It’s impossible to understand this apparent contradiction without some insight into the roots of Chinese nationalism. For Chinese patriots, resentment of Japan’s past aggression against their country is a touchstone of the cause. Anger over Japan’s perceived inability to acknowledge the scale of the destruction and humiliation it inflicted on the Chinese before and during World War II remains intense. That Tokyo insists on maintaining its claims to the islands merely pours salt into this open wound.
This is why The Bull and his colleagues don’t see any contradiction between their pushback against Beijing at home and their embrace of Beijing’s agenda in their fight for the islands. They stress that they’re asserting the right of “the Chinese people” to sovereignty over the islands, not the claims of the communist government on the mainland (which is why they made a point of holding up the Taiwanese flag as well). Beijing, they say, has been too timid in asserting China’s rights to the islands, so they’ve been compelled to step into the breach. The activists don’t see this as undermining their push for democracy; just the opposite. The crowds of protestors on the streets of the mainland “are organizing today against Japan,” The Bull told me via email. “In the future, they will organize and revolt against the [Chinese Communist] Party.” Perhaps.
For some in Hong Kong, though, the tension is not so easily explained away. Hong Kong bloggers worry that the activists’ antics will undermine support for the democratic parties in the territory and help the “patriotic” (i.e., pro-Beijing) forces. Referring to the flag of the communist mainland, another blogger writing in the same forum cited above notes wryly: “Burning 5-star flag in Hong Kong Island, raising 5-star flag in Diaoyu Islands. Serious split personality disorder!” Some commentators point out that the pro-Beijing chief executive of Hong Kong, Leung Chun Ying, has given his support to the pro-Diaoyu activists. So will Beijing use the Diaoyu issue to drive a wedge into Hong Kong’s already fractious democrats? And what does that mean for the future of dissidents on the mainland?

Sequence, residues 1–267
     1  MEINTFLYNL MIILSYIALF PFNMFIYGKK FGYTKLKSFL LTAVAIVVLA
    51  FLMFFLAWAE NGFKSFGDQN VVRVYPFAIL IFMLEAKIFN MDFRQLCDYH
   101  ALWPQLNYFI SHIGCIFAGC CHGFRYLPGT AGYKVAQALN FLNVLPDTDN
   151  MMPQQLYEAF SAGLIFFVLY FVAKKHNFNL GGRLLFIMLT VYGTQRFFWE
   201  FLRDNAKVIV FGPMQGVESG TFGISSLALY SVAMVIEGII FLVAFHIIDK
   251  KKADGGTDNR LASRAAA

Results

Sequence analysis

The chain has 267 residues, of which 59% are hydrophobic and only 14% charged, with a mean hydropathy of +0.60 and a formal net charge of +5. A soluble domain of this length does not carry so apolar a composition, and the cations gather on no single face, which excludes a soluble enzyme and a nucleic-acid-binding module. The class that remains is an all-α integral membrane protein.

Patriotism is not inherently bad. And, in fact, many patriotic movements throughout history have gone hand in hand with the development of democratic institutions. But precisely because national feeling conjures up such intense and polarizing emotions, it can be a powerful weapon in the wrong hands. And there’s certainly an argument to be made that allowing for genuinely democratic expression of nationalist sentiment is usually better than artificially suppressing it.
There’s ample evidence that Beijing has been trying to control and channel the anti-Japanese demonstrations to its own ends, a dangerous balancing act that could easily slide out of control. (Beijing has just reinforced that point by announcing a ban on further demonstrations, which might calm things down a bit, at least superficially.) In Japan, meanwhile, the islands dispute threatens to push the country’s politics rightwards, thus polarizing Japan’s relations with its neighbors (all of whom have their own territorial disputes with Tokyo).
One bright spot: The (democratically elected) government in Taiwan, which also claims sovereignty over the Diaoyus yet boasts relatively warm relations with both the mainland and the Japanese, has offered itself as a mediator in the island dispute. That’s an initiative worth pursuing. It just might work. And, if it does, it will have the added benefit of demonstrating to the region that democracies are actually pretty good at finding solutions to problems just like this.